AF413            Advanced Accounting Theory                                  


Prerequisites: GPA of 3.0 or better in Accounting major courses.

Semester 1: Not offered                                 Semester 2: Not offered

This course is structured to examine theoretical aspects of accounting and adequacy of conceptual accounting doctrines in providing relevant, reliable, and objective accounting information. The theoretical issues covered will be of special relevance to the South Pacific Island economies.


AF415            Reading Courses in Accounting                               


Prerequisites: GPA of 3.0 or better in Accounting major courses

Semester 1: Not offered                                                Semester 2: Not offered

This course provides flexibility to students who wish to have an understanding of the literature in specific topics in accounting and financial management. The special topics available in any semester will depend on staff research and teaching interests. Students` research interests will be accommodated wherever possible.


AF418            Introduction to Research Methodology                


Prerequisites: GPA of 3.0 or better in Accounting major courses

Semester 1: F at L                                                Semester 2: Not offered

The course aims to give students a general understanding of different types of accounting research and the range of research methodologies that are available, and to equip students with practical research skills and knowledge to be applied to their dissertation projects. The course exposes, and explores, the variety of research methodologies and research methods adopted in (financial, management and auditing) accounting research. In doing so, particular emphasis will be placed on comparing and contrasting positivistic and interpretivist approaches, and on the differences between (and/or potential convergence of) mainstream accounting research within the region.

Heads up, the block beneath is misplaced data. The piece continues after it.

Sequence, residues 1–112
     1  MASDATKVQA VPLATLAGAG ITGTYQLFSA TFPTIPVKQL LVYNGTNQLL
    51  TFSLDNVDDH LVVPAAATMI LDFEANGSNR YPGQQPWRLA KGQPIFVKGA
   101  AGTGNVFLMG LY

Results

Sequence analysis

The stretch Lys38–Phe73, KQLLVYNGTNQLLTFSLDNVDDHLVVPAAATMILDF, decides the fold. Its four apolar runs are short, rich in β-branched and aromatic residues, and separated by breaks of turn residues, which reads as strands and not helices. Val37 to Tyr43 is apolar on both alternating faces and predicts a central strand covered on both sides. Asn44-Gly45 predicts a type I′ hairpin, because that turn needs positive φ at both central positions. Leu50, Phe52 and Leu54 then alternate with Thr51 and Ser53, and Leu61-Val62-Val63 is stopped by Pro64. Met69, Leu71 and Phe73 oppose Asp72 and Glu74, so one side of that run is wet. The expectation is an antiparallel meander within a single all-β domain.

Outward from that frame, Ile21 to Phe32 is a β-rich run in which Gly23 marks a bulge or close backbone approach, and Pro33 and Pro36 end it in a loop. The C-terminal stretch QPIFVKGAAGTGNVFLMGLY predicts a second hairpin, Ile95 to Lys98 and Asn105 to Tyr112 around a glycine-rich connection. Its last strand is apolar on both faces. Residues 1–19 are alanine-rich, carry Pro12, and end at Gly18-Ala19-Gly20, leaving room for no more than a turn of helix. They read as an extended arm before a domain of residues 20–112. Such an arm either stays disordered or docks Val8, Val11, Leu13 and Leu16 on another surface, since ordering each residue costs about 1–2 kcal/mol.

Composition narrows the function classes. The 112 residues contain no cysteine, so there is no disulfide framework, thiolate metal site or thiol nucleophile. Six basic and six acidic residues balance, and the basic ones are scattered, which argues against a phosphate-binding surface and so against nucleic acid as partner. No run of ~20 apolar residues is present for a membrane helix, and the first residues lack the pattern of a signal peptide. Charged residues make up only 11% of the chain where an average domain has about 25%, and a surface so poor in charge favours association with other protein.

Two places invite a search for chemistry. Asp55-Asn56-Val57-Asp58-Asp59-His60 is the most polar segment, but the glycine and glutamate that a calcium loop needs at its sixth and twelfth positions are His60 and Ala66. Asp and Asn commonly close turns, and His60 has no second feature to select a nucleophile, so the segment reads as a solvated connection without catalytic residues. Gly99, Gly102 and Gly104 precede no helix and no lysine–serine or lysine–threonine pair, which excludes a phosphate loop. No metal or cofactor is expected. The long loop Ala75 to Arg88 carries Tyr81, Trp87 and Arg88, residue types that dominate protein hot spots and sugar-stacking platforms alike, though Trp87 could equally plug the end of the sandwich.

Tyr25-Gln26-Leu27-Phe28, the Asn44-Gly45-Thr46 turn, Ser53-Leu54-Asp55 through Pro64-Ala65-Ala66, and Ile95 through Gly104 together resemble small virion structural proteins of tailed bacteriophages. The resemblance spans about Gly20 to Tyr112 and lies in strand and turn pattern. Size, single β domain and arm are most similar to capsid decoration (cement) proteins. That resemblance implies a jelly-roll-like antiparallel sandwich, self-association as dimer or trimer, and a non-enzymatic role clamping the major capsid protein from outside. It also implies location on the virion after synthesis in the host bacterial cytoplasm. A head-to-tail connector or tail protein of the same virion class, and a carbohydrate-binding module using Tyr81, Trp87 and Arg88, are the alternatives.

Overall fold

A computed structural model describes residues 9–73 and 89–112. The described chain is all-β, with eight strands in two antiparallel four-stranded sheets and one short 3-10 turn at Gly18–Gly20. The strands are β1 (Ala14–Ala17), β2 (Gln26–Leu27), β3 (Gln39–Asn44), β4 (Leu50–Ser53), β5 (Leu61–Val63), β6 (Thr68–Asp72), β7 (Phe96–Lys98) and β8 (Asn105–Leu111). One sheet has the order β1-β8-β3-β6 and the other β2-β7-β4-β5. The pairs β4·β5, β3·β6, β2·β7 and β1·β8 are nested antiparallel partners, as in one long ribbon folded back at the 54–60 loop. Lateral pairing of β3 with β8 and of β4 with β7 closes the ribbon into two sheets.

AF420            Financial Statement Analysis                                    


Prerequisites: Admission into the Postgraduate Programme

Trimester 1: F at L and B at C*                     Trimester 2: Not offered                Trimester 3: Not offered

Money is the life blood of any business. How an organisation obtains and uses that money is of critical importance to the long term viability of that organisation. The financial health of the firm is presented in the four basic financial statements, the proper interpretation of which is critical for investors, creditors and internal management. This course is designed to help those involved in financial analysis make informed judgements as to the health of the organisation and provide guidance for improvement. This course is designed to help the student understand and interpret financial statements. The course will include information on how to read and understand financial statements and how to apply this knowledge to determine the health and current status of a business.